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HOW TO BUY YOUR FIRST HOUSE IN 2018

If you’re a first-time buyer, this could be the year you make your move. Lenders are offering competitive deals designed to meet the needs of those with smaller deposits. Stamp Duty has been cut for first-time buyers. There are more entry-level properties coming to the market now that some buy-to-let landlords are selling following the recent tax and Stamp Duty changes. Sellers, particularly in the capital, are reducing their asking prices to attract buyers, all of which could make your property purchase potentially more achievable. For those planning their move there are some practical steps you can take to ensure you reach your goal.
Draw up a budget
Moving can be an exciting but expensive time. We’ll help you work out how much you’ll need for a deposit. Although you can get a mortgage with a 5% deposit, some lenders require more and will offer better deals to those with bigger amounts saved. The good news is that as a first-time buyer you’re now exempt from Stamp Duty on first-time purchases up to £300,000 and the existing rate of 5% will apply between £300,000 and £500,000. The relief will not apply to properties above £500,000.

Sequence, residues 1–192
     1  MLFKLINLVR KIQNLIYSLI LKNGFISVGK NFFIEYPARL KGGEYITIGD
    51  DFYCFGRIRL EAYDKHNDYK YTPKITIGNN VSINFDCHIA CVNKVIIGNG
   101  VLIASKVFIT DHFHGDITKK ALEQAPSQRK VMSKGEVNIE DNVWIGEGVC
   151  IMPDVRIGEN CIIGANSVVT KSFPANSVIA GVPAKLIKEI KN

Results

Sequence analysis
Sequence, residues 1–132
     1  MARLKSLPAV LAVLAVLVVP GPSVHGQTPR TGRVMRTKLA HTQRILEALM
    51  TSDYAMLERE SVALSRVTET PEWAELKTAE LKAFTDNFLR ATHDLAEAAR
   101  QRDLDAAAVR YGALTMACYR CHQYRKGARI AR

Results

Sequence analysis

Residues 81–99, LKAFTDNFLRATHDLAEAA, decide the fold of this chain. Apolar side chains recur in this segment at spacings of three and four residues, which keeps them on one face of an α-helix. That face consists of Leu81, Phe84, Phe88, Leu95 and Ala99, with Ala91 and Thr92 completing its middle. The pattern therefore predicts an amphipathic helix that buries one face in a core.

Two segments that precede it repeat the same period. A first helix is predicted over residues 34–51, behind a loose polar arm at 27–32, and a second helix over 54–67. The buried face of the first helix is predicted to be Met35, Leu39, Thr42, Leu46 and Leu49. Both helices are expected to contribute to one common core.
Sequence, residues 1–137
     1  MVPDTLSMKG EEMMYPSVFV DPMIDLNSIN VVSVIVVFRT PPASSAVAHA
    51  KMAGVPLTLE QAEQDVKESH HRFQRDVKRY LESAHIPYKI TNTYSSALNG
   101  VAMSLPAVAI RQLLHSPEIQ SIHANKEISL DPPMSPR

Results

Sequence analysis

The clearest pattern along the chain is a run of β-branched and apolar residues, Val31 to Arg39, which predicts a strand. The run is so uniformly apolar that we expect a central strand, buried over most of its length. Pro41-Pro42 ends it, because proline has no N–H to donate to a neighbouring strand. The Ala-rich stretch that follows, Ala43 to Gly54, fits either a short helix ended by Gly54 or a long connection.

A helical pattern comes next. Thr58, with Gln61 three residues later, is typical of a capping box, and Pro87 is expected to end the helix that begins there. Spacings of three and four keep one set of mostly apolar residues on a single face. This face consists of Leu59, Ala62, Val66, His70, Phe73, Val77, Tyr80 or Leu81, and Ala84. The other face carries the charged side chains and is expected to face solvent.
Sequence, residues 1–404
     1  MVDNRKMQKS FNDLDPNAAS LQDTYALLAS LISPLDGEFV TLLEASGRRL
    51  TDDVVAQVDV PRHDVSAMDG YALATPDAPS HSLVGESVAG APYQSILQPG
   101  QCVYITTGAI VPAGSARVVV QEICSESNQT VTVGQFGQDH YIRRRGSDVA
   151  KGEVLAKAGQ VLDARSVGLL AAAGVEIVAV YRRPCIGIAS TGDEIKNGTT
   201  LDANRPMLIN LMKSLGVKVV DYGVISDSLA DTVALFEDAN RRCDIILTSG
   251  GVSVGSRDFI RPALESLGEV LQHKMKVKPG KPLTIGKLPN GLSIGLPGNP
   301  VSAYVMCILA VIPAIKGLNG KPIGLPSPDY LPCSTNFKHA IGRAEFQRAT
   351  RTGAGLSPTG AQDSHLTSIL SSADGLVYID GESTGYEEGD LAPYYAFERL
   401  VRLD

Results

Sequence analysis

Drawing up a budget will help you work out how much cash you will need for the fees you can expect to pay. There are costs involved with arranging a mortgage, and we will talk you through these in detail and confirm them in writing. You’ll need a solicitor or a conveyancer to carry out the legal work and you’ll probably want to have a survey done to ensure the property is in a good state of repair.
Gather the evidence that lenders require